Food has been on my mind a lot, lately. My relationship with food has never been a priority. Don’t get me wrong, I love to eat. I’ve tasted phenomenal dishes from all over the world. I just never saw food as much more than fuel for the tank. Sometimes it was better than others, but it all ended up in the same place.

My body got tired of that approach, and let me know that in the most unsettling ways as I’ve aged. So, I’ve revaluated how and what I eat. I’m taking portion size into consideration, reading the labels on the food I buy, and watching the carbs in the food I choose like my life depends on it. Which it turns out, is true.

That got me to thinking about other things I consume. As an author, I considered the inspirations I take in. Are they all from the same source? Do I have a bias for one thing over another, or am I reading too much into my comfort zone. There is a lot to examine.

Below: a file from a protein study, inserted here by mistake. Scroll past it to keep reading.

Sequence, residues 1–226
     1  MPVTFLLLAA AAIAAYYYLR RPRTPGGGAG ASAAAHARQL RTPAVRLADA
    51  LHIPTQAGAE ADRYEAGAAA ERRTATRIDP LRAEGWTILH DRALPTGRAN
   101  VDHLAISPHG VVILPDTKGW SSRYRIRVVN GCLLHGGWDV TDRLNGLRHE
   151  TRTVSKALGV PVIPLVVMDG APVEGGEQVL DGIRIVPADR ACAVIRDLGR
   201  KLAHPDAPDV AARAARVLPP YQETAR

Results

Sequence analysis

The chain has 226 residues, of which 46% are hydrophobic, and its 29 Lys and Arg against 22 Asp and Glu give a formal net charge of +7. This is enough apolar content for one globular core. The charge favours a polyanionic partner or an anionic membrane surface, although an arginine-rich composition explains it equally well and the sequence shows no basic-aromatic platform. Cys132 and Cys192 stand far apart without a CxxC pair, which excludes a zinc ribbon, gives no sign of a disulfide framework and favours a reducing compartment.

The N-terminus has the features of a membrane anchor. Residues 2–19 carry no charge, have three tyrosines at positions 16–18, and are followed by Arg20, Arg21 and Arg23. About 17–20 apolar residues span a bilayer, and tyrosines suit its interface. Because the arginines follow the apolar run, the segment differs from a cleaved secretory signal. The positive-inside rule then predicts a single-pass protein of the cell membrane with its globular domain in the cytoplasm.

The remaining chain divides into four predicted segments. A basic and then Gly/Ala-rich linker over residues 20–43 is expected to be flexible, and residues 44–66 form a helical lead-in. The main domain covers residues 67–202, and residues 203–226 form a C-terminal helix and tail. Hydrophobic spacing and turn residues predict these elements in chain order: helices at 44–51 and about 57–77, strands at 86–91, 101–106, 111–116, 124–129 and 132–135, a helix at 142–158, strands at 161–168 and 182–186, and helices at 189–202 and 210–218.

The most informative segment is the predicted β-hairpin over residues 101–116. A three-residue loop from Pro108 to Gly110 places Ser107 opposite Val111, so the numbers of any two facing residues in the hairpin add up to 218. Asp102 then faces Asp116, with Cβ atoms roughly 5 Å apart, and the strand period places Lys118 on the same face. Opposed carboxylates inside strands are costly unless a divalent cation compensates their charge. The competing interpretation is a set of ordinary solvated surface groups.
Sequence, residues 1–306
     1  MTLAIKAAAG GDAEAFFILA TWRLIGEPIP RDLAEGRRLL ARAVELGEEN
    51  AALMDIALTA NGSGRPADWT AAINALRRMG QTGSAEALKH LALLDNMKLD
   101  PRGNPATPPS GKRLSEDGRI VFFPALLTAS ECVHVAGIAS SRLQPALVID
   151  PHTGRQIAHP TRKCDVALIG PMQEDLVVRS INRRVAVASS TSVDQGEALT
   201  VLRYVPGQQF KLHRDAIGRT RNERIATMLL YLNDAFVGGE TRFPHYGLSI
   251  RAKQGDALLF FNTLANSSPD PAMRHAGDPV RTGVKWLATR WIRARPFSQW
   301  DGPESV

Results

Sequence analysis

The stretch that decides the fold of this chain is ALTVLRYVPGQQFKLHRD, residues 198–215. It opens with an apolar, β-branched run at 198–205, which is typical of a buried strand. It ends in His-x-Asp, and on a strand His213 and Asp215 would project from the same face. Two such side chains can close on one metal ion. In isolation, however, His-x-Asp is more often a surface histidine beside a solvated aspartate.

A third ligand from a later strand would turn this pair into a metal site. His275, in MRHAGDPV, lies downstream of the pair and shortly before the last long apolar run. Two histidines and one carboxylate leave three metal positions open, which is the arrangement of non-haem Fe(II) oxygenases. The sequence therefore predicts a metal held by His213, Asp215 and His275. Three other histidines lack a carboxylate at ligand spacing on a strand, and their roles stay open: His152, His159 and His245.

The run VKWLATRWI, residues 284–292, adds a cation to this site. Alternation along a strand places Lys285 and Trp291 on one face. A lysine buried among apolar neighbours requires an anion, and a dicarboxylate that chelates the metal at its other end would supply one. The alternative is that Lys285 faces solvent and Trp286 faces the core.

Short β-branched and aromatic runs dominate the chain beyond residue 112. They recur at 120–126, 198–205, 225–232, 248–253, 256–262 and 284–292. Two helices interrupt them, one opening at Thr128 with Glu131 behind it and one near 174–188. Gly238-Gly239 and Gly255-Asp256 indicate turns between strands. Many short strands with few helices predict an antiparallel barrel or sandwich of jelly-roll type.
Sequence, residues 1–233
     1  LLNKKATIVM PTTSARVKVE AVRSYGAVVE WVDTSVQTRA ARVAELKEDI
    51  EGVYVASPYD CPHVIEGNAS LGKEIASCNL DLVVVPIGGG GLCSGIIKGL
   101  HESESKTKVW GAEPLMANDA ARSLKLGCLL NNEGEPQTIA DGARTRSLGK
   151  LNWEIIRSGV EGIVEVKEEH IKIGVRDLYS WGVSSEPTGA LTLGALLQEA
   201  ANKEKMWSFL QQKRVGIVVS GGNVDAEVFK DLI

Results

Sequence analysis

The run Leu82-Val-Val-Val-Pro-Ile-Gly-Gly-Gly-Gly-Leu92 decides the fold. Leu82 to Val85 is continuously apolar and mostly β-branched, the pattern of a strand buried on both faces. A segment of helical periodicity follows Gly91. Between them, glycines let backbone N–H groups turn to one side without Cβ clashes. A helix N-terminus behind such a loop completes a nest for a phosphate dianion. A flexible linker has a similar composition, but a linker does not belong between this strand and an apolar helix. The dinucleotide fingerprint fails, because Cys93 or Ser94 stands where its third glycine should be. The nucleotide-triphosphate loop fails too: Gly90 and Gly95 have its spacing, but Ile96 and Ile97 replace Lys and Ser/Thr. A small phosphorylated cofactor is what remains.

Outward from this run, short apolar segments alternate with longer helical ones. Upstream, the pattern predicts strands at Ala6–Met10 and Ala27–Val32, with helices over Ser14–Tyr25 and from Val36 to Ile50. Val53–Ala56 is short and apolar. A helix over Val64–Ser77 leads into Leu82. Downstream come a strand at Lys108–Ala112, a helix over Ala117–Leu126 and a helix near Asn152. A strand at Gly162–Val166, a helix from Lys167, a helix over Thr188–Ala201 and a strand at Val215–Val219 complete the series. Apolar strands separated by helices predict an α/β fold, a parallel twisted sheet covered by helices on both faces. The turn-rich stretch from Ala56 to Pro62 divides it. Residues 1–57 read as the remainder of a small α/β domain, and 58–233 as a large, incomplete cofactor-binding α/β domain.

It turns out, I have a pretty eclectic mental diet. I read in and out of my genre (the out parts come from critique groups). My visual stimuli come from movies, TV (not a whole lot of either lately), and the vast (and varied) pins I peruse on Pinterest. The music I listen to is varied too, but most of that comes from sharing space with my loving wife (we often disagree about what to listen to).

In all, I’m feeding my creative side a diverse diet that expands with time. I’m no renaissance man, but I feel comfortable that I’m not stuck in a rut either. Time will tell, but if a stray Beastie Boys lyric makes its way onto my page, at least I’ll know why. Staying mindful…